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Type: Journal article
Title: Angiotensin-converting enzyme (ACE) inhibitors exacerbate histological damage and motor deficits after experimental traumatic brain injury
Author: Harford-Wright, E.
Thornton, E.
Vink, R.
Citation: Neuroscience Letters, 2010; 481(1):26-29
Publisher: Elsevier Sci Ireland Ltd
Issue Date: 2010
ISSN: 0304-3940
Statement of
Elizabeth Harford-Wright, Emma Thornton and Robert Vink
Abstract: Angiotensin-converting enzyme (ACE) inhibitors are widely used as blood pressure medications in hypertensive individuals. However, ACE inhibitors also play an integral role in the breakdown of neuronal substance P, which has been recently implicated in the development of functional deficits following traumatic brain injury (TBI). The present study therefore examined the effects of ACE inhibitors on histological and motor outcome following TBI. Male Sprague-Dawley rats were treated with Captopril, Enalapril or equal volume saline for 7 days prior to the induction of diffuse TBI using the impact acceleration model. At 5h post-injury, animals administered Captopril demonstrated significantly increased substance P immunoreactivity compared to vehicle controls (p<0.01), and increased dark cell change that persisted to 7 days post-trauma. Captopril also resulted in exacerbated motor deficits compared to vehicle treated animals (p<0.05) as assessed by the rotarod test over a 7-day post-traumatic period. Administration of the alternative ACE inhibitor, Enalapril, likewise exacerbated motor deficits, confirming a class effect of ACE inhibitors rather than a compound effect specific to Captopril. We conclude that ACE inhibitors are deleterious to outcome following TBI, presumably by impairing the degradation of substance P and increasing substance P mediated neuronal injury.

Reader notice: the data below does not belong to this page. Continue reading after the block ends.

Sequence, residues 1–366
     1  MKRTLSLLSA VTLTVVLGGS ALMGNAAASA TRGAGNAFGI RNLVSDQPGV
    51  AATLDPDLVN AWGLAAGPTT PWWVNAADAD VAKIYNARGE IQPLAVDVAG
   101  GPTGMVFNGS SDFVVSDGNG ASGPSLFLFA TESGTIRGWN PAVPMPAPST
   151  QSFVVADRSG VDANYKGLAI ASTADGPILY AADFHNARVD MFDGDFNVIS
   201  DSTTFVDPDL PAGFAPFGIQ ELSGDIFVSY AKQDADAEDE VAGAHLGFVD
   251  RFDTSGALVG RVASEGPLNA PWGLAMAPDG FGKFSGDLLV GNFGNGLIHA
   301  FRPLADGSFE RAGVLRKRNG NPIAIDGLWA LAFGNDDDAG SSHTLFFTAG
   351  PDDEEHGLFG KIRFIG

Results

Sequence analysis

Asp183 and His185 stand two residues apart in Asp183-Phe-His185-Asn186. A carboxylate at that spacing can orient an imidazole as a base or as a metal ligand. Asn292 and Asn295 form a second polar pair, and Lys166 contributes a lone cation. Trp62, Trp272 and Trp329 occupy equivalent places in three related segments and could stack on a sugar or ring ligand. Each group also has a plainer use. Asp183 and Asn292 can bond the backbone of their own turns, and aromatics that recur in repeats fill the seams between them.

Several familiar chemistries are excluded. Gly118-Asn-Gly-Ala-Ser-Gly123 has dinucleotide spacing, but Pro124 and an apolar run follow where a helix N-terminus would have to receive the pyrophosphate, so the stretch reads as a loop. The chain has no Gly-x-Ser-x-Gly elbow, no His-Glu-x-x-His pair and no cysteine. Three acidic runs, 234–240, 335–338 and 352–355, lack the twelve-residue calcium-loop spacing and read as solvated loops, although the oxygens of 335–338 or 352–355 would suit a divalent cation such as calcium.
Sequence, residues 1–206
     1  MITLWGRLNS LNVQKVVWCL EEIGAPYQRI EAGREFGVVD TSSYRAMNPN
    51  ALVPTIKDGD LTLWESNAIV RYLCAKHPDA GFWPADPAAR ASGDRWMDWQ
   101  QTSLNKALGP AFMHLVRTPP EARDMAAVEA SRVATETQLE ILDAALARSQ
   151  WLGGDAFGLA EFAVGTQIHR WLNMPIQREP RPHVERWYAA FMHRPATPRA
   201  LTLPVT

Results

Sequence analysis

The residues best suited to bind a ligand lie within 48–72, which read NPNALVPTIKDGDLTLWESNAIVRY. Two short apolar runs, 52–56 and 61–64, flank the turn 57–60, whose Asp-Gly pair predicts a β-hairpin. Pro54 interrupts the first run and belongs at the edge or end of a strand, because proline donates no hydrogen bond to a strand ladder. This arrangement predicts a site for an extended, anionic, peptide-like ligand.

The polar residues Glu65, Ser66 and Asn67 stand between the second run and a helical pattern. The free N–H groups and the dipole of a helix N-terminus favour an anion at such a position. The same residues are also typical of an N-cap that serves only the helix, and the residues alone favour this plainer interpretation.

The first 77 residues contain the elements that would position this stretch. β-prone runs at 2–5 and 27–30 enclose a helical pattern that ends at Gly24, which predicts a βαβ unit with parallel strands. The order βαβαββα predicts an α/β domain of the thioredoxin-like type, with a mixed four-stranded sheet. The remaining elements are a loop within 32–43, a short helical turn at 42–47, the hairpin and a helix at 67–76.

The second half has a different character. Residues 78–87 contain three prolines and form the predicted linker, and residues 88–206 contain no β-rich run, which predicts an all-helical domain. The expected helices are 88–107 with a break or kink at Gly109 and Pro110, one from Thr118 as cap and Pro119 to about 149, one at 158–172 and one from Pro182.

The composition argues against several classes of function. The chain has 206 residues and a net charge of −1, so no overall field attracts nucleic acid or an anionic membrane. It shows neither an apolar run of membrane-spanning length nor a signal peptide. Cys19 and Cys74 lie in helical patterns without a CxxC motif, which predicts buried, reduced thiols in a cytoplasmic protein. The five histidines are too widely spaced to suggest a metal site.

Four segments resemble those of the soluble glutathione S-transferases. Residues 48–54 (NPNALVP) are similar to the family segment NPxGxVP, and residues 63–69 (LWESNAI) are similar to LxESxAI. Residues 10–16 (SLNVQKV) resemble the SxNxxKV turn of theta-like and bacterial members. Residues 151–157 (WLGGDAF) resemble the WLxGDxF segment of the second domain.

Keywords: Captopril
Angiotensin-converting enzyme
Neurogenic inflammation
Substance P
Rights: Copyright © 2010 Elsevier Ireland Ltd. All rights reserved.
DOI: 10.1016/j.neulet.2010.06.044
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Appears in Collections:Aurora harvest 5
Pathology publications

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